These fabulous places were a magnet for youngsters and adults alike with their gaudy foyers and lush interiors. Back then, a visit to the cinema was a memorable event.
There were, of course, exceptions. A few cinemas rightly earned the nickname, Flea-Pits, for they were run-down and badly maintained, though they too had their clientele.
A typical cinema programme offered cartoons, Mickey Mouse or Popeye; Pathe News; Pearl and Dean advertising and a B-Picture, usually featuring gangsters or warfare, then, top of the bill, The Big Picture, often a Western, an Historical Epic or a Sci-Fi adventure.
In the interval before the Big Picture you could buy Walls ice cream, Butterkist popcorn or Kiora juice, and no visit to "the pictures" would have been complete without one or all of these delights.
Television changed our relationship with cinema but, despite dire predictions at the time, cinema survived and evolved. Arguably it’s as popular today as it’s ever been, although the viewing demographic is different.
Most British multiplex cinemas offer a menu of Hollywood blockbusters, strong on special effects but low on engaging narrative, that appeal to the "Gamers Generation". Alternative, non-mainstream film houses aren’t always easy to find except in larger cities. A visit to the cinema hardly qualifies as an event nowadays. Somehow the glamour has gone.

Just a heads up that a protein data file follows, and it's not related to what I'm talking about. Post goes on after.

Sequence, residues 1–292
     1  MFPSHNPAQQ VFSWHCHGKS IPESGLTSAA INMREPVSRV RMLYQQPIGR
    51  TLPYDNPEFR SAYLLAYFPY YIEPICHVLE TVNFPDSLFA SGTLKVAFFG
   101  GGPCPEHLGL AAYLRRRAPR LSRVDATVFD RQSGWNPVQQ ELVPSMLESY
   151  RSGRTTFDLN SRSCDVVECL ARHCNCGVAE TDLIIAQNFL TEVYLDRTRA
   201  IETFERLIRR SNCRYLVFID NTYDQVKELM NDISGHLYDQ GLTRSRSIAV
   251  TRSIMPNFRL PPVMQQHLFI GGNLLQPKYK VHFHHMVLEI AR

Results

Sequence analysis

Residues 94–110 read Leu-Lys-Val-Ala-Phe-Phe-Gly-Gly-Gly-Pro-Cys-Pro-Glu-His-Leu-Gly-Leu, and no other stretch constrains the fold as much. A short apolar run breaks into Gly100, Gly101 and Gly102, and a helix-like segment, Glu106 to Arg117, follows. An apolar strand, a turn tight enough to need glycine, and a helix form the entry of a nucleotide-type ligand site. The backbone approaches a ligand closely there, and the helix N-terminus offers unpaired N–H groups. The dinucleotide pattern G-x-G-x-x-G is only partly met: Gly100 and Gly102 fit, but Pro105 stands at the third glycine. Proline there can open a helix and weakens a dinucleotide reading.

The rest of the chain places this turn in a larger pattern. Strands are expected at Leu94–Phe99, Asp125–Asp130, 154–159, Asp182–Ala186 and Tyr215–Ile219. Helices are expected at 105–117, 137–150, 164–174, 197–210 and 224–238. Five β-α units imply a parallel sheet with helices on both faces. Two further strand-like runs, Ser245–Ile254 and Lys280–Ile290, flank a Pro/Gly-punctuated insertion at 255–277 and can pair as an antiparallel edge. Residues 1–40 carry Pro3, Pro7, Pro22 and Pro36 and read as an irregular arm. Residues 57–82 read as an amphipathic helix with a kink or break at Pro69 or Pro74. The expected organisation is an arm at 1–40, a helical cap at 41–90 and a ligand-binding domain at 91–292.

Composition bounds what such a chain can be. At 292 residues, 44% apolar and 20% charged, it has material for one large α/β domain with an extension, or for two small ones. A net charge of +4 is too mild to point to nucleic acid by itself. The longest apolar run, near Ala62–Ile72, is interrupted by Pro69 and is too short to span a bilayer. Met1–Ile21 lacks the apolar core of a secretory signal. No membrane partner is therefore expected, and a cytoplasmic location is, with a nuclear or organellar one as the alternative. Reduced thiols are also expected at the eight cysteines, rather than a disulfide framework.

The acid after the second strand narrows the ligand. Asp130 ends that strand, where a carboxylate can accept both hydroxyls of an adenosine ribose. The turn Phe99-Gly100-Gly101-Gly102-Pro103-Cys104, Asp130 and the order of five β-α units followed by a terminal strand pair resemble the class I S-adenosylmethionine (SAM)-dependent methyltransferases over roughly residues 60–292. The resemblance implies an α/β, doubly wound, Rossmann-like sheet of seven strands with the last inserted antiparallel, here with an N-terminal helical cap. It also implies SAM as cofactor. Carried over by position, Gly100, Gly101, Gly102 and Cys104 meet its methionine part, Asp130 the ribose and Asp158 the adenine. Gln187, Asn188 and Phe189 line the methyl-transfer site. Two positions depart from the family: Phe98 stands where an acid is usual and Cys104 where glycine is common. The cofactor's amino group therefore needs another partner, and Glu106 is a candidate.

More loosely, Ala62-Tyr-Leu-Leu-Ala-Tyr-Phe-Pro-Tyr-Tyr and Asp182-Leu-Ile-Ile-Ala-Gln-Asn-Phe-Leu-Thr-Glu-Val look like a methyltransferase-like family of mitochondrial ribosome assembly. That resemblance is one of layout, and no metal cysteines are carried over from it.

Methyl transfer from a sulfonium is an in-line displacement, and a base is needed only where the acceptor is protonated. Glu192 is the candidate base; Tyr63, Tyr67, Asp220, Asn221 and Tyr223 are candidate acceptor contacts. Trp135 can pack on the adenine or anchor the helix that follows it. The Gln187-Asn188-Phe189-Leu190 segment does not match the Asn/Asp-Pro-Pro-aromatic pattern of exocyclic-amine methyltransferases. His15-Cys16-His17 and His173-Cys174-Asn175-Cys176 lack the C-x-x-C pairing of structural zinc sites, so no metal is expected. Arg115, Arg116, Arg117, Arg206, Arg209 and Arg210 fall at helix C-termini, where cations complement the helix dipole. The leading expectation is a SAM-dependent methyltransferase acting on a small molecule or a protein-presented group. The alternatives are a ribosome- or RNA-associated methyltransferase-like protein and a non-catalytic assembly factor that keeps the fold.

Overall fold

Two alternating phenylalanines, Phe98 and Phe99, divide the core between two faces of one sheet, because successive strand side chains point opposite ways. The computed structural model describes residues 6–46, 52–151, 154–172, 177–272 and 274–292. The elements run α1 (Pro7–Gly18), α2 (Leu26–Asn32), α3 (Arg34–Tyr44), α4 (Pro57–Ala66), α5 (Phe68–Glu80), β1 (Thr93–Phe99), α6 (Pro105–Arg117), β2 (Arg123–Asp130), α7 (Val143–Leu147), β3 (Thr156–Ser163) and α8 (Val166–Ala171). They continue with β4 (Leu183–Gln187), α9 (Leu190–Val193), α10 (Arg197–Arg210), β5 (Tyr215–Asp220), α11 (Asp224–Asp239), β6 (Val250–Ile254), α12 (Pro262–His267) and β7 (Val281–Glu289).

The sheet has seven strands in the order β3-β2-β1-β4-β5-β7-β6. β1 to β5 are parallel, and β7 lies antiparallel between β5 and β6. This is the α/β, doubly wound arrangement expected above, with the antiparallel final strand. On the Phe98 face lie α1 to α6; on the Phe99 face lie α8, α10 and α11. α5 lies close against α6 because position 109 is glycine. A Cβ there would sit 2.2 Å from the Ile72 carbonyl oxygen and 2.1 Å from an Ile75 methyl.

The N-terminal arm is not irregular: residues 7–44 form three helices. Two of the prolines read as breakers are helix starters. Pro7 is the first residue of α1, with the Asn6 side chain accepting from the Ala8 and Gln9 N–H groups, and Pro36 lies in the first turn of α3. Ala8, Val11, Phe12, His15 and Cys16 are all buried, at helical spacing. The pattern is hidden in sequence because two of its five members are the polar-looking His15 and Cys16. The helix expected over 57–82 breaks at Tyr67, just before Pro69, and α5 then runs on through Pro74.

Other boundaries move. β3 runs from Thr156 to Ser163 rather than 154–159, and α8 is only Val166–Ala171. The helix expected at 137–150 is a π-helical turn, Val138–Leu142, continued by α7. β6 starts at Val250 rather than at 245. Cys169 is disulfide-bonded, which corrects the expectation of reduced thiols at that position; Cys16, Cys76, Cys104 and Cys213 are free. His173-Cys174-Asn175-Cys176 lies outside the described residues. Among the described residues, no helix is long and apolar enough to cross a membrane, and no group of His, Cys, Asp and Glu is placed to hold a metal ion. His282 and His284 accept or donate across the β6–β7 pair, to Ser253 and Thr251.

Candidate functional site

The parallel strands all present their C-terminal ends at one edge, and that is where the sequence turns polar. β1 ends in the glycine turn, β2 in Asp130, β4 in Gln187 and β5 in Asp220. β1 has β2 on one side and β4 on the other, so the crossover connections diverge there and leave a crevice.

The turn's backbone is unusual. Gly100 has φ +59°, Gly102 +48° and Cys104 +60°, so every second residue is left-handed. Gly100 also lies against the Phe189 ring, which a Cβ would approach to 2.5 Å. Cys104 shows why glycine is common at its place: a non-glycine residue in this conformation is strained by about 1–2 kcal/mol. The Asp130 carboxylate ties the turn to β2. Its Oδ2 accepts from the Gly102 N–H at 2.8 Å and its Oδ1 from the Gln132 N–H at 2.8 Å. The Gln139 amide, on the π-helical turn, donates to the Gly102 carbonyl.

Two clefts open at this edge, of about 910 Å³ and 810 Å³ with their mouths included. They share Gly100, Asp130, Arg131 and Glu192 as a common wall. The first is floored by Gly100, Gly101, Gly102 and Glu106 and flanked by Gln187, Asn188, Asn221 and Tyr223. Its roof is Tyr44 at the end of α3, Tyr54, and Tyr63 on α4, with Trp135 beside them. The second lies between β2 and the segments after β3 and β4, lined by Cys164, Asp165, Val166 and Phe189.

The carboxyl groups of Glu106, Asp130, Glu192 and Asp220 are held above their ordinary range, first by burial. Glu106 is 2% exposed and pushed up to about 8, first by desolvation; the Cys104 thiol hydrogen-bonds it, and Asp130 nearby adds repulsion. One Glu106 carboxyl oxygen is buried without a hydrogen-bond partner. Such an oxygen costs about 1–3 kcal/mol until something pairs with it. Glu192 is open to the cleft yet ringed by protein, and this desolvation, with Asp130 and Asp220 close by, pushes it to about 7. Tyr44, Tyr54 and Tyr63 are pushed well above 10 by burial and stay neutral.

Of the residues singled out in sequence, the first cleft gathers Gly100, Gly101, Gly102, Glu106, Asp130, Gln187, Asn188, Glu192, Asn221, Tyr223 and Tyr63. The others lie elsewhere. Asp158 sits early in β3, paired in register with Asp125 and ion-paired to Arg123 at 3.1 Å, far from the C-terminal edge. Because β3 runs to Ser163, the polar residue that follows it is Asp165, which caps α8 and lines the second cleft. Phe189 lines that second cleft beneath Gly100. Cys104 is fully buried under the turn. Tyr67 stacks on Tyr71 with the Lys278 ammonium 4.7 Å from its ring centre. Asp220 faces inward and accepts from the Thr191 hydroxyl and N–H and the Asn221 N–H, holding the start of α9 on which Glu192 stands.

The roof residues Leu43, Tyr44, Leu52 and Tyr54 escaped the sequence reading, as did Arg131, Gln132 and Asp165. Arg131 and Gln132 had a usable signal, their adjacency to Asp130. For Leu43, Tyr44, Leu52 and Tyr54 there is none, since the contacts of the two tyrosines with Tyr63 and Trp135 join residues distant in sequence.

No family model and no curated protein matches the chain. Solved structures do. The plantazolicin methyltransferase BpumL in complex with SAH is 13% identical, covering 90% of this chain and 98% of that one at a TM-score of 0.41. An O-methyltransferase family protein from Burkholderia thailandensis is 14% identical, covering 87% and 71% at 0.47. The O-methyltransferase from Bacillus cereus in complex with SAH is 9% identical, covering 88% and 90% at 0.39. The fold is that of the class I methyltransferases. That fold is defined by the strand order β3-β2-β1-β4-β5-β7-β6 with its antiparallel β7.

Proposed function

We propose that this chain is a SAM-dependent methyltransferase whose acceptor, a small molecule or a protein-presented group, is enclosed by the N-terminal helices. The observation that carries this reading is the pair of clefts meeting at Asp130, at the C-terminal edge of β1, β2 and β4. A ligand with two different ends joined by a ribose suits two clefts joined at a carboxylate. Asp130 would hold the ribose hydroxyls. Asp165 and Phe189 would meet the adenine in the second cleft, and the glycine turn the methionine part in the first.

AT THE PICTURES 1954
No smelly flea-pit this, instead,
a Pleasure Dome to this small lad,
Balcony-Front-Row like Chad,
bomb-aiming, targeting a head
down in the crowded Stalls below,
a cigarette’s illicit glow
lighting the victim, infra-red.
Popeye and Olive on the screen,
along comes Bluto, muscled, mean,
to beat the sailor almost dead.
A can of spinach saves the day:
it does so every Matinee.
On comes the Western, good Tom Mix.
Down the the Stalls the six-guns blaze
or else space-guns with cosmic rays
when Space War’s showing at the flicks.
We stamp the floor with scuffed black brogues,
cheer on our heroes, damn the rogues.
The usherette, with torch and scowl,
shines light my way, I duck right down.
She stamps her foot with angry frown.
The lady’s always on the prowl.
for noise-makers, rowdy kids,
for things the cinema forbids.
We long to be them but we’re not:
the Marshall or the Astronaut.
When errant Martians all are caught,
when wars are over, baddies shot,
we file outside, reluctantly,
to daylight and reality.